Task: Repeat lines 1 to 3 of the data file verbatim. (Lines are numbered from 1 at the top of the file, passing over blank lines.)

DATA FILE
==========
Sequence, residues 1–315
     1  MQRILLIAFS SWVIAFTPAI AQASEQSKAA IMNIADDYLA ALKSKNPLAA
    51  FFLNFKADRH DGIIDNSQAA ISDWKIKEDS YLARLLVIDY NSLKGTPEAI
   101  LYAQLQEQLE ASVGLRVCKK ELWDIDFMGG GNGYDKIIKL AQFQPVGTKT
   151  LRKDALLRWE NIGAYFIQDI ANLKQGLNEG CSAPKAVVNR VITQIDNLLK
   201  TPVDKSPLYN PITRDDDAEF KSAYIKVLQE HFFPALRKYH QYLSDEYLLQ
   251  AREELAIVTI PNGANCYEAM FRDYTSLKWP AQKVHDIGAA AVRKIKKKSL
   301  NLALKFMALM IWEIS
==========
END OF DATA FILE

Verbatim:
Sequence, residues 1–315
     1  MQRILLIAFS SWVIAFTPAI AQASEQSKAA IMNIADDYLA ALKSKNPLAA
    51  FFLNFKADRH DGIIDNSQAA ISDWKIKEDS YLARLLVIDY NSLKGTPEAI